It was nice having Dad safe with us, even though his chosen refuge now proved somewhat lacking. The Smith(s) joined us with some snacks and games shortly after the black out. We played Apples to Apples, my wife answered the phone (many called to check on her) until it died, and everyone enjoyed the deep leisurely conversation that stems from having nothing but conversation to pass the time. Initially, it was wonderful. Eventually, it was not. If electricity were a drug, then we were addicts, and our addiction led us to abandon our place for another.

As the night approached our powerless palace, we called up the Hilliard(s). Always ready to serve, they unhesitatingly welcomed us over. The Smith(s) and the linville(s) (including my dad), headed over for a fun night of food and fellowship. Claire made a delicious meal for everyone and we all had a splendid time playing Dicecapades. By 11:30pm the air outside had cooled down, we bid farewell to our hospitable Hilliard(s) and headed home.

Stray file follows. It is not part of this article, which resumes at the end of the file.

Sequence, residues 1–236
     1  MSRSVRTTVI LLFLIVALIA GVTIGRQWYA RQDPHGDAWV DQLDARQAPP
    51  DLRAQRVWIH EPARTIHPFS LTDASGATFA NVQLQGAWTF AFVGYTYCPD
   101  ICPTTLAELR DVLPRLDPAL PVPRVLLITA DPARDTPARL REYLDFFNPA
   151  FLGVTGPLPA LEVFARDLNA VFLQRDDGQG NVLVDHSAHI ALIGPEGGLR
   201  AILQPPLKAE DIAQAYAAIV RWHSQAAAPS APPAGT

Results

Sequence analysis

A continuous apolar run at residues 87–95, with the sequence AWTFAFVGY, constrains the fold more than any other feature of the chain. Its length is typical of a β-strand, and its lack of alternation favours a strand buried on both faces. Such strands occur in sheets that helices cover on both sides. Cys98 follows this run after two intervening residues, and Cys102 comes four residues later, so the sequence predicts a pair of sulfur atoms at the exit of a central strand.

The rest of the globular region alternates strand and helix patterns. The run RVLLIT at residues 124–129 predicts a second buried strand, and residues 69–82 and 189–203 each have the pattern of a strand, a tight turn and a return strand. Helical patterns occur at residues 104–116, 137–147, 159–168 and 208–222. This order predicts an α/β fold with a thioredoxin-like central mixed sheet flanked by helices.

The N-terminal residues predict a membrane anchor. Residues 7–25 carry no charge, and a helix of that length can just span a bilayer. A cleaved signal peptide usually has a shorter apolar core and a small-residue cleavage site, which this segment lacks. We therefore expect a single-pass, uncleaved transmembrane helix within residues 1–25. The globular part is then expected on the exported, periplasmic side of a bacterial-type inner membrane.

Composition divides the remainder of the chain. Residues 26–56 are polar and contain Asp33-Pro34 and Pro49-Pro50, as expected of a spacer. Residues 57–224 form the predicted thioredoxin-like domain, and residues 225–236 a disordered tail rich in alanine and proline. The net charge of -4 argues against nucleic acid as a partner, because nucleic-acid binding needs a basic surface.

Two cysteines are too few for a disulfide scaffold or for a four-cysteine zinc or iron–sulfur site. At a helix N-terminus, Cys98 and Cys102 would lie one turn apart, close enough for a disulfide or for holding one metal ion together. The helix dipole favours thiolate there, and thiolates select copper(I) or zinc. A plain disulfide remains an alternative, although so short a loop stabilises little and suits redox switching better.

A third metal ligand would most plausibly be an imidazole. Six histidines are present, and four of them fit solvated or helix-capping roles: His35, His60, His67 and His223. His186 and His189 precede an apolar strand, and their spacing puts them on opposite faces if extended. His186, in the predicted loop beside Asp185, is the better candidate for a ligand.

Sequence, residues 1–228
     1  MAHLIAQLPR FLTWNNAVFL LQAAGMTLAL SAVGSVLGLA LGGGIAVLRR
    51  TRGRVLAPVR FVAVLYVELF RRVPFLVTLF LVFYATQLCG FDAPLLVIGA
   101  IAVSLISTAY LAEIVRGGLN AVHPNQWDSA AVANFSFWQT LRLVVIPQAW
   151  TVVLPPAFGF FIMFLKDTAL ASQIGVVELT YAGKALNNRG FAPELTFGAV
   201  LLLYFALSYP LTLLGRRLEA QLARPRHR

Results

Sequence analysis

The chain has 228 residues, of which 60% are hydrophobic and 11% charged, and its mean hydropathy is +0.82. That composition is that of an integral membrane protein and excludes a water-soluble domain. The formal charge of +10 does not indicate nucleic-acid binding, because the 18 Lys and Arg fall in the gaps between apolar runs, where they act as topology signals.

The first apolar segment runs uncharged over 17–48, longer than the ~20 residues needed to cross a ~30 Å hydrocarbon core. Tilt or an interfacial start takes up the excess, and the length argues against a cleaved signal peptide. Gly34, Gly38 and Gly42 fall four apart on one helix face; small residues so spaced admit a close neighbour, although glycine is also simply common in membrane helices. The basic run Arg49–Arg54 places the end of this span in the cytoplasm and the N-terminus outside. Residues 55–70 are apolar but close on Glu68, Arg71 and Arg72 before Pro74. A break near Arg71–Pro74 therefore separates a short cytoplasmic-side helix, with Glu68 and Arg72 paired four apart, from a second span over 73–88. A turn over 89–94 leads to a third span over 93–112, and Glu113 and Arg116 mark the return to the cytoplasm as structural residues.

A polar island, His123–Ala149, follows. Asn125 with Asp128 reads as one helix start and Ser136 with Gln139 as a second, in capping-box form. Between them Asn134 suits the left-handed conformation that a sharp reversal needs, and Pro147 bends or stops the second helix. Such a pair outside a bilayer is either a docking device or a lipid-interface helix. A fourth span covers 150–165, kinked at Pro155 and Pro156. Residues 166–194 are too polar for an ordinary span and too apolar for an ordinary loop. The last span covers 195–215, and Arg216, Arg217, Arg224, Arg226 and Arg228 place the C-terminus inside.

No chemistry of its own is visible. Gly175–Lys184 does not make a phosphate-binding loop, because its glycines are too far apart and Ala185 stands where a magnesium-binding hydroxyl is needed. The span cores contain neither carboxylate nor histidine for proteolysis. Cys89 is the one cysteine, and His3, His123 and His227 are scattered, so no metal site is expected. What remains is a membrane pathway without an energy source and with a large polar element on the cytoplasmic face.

The night passed restlessly. The windows had remained opened all day, even while it rained; and as the sun set, the temperature dropped, and the wind blew, I awoke with yet another frustration. I could barely swallow. My throat was sore and swollen. Yippee.

Thankfully, no one else had suffered likewise. At least, not as far as I could tell. My Dad had been unable to sleep, so he packed up and headed home very early that morning. When he arrived, everything about his place was fine, even the power. The eye of the hurricane went directly over his condo, and he had power. I’m not bitter.